For a composition to mold especially thin molded articles, it is preferable to use an inorganic filler in the form of fine particles having a particle diameter less than 500 mμ in combination with an inorganic filler having a particle diameter between 30μ and 500 mμ, from the viewpoint of moldability and dimensional stability under heat. The amount of addition of such a mixture is usually 0 to 40 weight %, preferably 1 to 30 weight %, based on the total composition. To promote the crystallization, a relatively small amount is sufficient, but when dimensional stability and heat resistance are taken into consideration, the amount is preferably 5 to 30 weight %. By adding an inorganic filler, the amount of addition of the organic crystallization promoting agent can be reduced. An amount of addition of the inorganic filler exceeding 40 weight % not only lowers the fluidity upon molding, the breaking elongation of molded articles and the toughness of the products, but also impairs the surface characteristics of the molded products.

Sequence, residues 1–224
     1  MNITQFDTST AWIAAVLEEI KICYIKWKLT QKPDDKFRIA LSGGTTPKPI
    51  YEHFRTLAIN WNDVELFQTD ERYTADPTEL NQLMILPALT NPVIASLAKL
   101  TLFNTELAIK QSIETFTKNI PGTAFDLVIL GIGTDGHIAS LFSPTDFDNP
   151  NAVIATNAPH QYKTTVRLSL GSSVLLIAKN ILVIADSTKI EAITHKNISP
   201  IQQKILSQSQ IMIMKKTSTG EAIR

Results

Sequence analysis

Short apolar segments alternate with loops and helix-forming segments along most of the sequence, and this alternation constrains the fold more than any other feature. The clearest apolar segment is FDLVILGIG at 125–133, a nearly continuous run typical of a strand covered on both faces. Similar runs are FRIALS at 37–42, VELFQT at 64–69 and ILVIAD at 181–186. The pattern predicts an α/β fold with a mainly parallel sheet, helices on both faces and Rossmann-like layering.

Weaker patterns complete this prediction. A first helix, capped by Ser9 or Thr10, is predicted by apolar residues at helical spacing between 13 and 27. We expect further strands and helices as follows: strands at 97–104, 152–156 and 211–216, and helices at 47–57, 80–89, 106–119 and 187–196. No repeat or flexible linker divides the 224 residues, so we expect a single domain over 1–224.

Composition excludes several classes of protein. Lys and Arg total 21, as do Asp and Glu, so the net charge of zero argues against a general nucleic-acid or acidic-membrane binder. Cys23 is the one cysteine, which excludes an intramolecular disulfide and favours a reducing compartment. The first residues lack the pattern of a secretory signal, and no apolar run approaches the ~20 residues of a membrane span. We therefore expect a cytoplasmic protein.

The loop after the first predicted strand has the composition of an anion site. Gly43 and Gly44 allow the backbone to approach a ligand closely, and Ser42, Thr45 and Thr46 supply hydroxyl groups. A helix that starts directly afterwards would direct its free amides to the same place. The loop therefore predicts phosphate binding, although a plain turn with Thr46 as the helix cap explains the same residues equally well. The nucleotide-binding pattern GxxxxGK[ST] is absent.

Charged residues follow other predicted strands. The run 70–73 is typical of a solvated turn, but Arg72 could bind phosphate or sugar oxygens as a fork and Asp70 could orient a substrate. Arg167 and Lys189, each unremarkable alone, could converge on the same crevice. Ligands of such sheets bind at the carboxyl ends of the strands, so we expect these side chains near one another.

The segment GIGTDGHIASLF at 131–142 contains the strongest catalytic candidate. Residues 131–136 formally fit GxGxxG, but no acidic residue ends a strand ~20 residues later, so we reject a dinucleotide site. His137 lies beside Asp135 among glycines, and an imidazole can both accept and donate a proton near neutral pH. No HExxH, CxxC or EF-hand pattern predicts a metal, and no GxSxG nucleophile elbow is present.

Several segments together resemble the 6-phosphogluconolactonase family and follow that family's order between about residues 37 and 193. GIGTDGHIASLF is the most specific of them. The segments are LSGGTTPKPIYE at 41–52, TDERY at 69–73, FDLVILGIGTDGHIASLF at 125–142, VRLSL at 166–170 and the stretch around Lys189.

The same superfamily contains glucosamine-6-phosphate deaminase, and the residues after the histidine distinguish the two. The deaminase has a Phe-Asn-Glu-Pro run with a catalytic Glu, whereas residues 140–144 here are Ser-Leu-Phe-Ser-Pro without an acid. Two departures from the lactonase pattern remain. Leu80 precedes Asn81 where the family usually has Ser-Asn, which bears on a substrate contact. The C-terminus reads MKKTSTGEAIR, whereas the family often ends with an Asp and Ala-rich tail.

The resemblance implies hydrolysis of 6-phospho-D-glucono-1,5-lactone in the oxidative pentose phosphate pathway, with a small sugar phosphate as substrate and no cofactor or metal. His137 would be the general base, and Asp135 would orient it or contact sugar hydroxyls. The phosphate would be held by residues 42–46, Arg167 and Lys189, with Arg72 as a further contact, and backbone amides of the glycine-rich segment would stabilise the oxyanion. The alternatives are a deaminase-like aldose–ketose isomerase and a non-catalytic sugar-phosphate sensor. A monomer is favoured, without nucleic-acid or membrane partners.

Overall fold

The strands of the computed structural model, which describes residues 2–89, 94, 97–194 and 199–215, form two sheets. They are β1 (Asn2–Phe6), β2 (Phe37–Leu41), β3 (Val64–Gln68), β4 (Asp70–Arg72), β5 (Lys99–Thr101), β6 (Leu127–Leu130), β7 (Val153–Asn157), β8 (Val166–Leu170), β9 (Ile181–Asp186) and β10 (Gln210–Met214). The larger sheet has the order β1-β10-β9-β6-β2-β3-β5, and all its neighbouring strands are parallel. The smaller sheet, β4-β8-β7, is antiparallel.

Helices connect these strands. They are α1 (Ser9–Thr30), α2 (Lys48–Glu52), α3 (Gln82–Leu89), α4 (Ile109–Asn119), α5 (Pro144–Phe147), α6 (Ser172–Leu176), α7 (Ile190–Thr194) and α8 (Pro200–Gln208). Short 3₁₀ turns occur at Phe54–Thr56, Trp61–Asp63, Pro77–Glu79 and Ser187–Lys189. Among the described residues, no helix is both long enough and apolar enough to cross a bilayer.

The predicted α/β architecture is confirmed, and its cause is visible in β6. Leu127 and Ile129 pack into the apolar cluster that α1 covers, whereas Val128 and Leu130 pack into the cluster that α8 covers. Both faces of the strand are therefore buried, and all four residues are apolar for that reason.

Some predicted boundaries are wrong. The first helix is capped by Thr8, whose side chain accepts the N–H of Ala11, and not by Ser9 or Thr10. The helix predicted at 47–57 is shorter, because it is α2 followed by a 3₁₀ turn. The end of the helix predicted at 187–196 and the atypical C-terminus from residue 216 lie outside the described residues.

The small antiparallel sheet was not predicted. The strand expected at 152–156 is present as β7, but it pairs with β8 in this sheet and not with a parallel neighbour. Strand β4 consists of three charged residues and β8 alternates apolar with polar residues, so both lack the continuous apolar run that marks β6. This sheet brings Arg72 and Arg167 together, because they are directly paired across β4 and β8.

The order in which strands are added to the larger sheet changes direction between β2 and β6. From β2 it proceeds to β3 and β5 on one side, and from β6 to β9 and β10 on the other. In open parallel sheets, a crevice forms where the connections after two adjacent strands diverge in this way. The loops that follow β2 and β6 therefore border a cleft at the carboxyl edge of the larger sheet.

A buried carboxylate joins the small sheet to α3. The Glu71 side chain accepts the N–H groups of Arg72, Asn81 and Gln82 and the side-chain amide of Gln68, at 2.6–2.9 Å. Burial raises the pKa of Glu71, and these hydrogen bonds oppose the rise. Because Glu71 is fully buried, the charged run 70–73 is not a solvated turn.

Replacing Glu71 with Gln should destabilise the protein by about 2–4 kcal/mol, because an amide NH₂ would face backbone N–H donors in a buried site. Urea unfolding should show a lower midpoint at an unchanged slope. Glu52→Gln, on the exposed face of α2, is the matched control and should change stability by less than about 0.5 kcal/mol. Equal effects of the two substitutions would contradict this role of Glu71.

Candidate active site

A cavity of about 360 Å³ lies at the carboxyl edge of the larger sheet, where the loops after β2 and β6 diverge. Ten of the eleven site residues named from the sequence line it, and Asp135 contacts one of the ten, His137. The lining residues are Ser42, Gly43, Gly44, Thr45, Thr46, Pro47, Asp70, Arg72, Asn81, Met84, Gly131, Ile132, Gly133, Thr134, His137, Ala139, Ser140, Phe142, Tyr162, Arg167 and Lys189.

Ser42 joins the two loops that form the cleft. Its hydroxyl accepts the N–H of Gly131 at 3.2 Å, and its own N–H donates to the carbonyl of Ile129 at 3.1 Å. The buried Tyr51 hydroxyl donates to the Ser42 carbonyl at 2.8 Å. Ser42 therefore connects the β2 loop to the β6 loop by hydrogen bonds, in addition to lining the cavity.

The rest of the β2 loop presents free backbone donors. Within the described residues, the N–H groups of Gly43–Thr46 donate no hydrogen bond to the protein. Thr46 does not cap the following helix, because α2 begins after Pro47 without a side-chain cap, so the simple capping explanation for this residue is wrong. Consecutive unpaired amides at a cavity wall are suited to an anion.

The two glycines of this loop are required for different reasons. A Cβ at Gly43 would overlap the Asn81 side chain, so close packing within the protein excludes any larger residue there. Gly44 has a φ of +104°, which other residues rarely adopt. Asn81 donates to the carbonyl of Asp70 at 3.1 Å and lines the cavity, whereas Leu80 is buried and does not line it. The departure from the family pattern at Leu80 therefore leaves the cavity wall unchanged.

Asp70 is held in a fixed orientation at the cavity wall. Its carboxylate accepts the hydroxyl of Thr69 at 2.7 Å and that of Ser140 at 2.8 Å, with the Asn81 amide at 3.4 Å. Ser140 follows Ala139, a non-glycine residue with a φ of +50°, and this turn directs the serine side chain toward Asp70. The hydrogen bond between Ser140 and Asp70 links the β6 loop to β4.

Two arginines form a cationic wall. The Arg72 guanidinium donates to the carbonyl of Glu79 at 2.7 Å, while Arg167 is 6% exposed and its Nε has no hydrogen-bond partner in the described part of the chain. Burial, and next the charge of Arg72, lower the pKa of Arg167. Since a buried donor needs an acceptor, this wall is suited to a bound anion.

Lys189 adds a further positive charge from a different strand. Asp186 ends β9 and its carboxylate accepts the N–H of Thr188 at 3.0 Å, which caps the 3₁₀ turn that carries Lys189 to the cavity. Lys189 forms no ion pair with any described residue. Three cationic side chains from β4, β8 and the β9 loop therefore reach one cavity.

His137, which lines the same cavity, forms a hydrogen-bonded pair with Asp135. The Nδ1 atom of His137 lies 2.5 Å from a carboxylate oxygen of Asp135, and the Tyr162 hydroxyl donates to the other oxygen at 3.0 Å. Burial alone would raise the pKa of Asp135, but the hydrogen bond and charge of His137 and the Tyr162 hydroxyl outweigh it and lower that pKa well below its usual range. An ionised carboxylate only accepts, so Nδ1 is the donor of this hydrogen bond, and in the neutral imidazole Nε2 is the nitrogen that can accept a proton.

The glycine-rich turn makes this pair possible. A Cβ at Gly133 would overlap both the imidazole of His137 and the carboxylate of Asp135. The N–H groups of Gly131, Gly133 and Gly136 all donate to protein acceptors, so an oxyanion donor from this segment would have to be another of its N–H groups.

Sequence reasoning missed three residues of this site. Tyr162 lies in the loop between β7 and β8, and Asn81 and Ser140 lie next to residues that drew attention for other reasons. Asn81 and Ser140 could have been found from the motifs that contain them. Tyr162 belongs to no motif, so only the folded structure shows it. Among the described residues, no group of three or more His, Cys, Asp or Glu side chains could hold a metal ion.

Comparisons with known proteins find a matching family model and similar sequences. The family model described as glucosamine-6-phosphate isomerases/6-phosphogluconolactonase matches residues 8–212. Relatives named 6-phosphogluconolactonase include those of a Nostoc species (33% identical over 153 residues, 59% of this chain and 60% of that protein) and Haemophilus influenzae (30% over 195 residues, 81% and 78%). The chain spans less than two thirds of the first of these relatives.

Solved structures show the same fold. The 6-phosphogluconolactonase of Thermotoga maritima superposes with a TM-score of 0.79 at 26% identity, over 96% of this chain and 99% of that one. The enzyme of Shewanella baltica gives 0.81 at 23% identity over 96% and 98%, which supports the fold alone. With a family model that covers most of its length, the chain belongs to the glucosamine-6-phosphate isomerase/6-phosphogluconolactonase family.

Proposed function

By further addition of an elastic resin of the polyester family having a second order transition temperature below 10° C. to the composition of the present invention, it is possible to enhance the dispersibility of the organic crystallization promoting agent and further to promote the crystallization. As the elastic resins of the polyester family used herein having a glass transition temperature below 10° C., there may be mentioned aromatic polyester/polyether elastic resins whose soft segments are polyalkylene glycol residues such as polytetramethylene glycol, polyethylene glycol, polyethylene glycol/polypropylene glycol block copolymers, polyvalent alcohol/alkylene oxide addition products, etc., and whose hard segments are aromatic polyester residues such as polyethylene terephthalate, polybutylene terephthalate, polyethylene terephthalate/isophthalate, polyethylene para-oxybenzoate, polyethylene terephthalate/adipate, polyethylene terephthalate/sebacate, polyethylene naphthalate, polybutylene terephthalate/adipate, polybutylene terephthalate/isophthalate, polybutylene terephthalate/ethylene terephthalate, etc. Said elastic resins are aromatic polyester/polyalkylene glycol block components whose glass transition temperature is normally less than 10° C., preferably -15° C. to -60° C.; whose molecular weight is more than 10,000, preferably more than 30,000; whose polyalkylene glycol has a molecular weight above 650, preferably 800 to 6,000; and whose polyalkylene glycol portion constitutes more than 20 weight %, preferably 20 to 80 weight %. As other elastic resins of the polyester family that can be used herein, there may be mentioned: copolymer polyester elastic resins having a molecular weight above 10,000, whose soft segments are aliphatic residues such as polyalkylene adipate, polyalkylene sebacate, etc., and whose hard segments are above-mentioned aromatic polyester residues; and copolymer polyester elastic resins having a molecular weight above 10,000, which can be obtained by copolycondensing an aromatic dicarboxylic acid such as terephthalic acid, naphthalene dicarboxylic acid, etc., or an aliphatic dicarboxylic acid such as adipic acid, sebacic acid, etc. as the acid component, and a straight chain glycol such as ethylene glycol, butylene glycol, etc., or a branched glycol such as neopentyl glycol, as the alcoholic component. However, those that are preferable from the viewpoint of the uniformity and easiness of blending, crystallization promoting effect and surface characteristics (external appearance, etc.), are the above-mentioned aromatic polyester/polyether block copolymer elastic resins, particularly aromatic polyester/polytetramethylene glycol block copolymer elastic resins, and among others polybutylene terephthalate/polytetramethylene glycol block copolymer elastic resin. The amount of addition of such an elastic resin is preferably 0.2 to 20 weight % based on polyethylene terephthalate or other main polyesters. As an auxiliary dispersing agent for the organic crystallization promoting agents, a large amount of addition of such an elastic resin is possible, but an addition amount exceeding 20 weight % gives rise to a serious drop of the deflection temperature of the polyester. The particularly preferred amount of addition is from 1 to 10 weight %.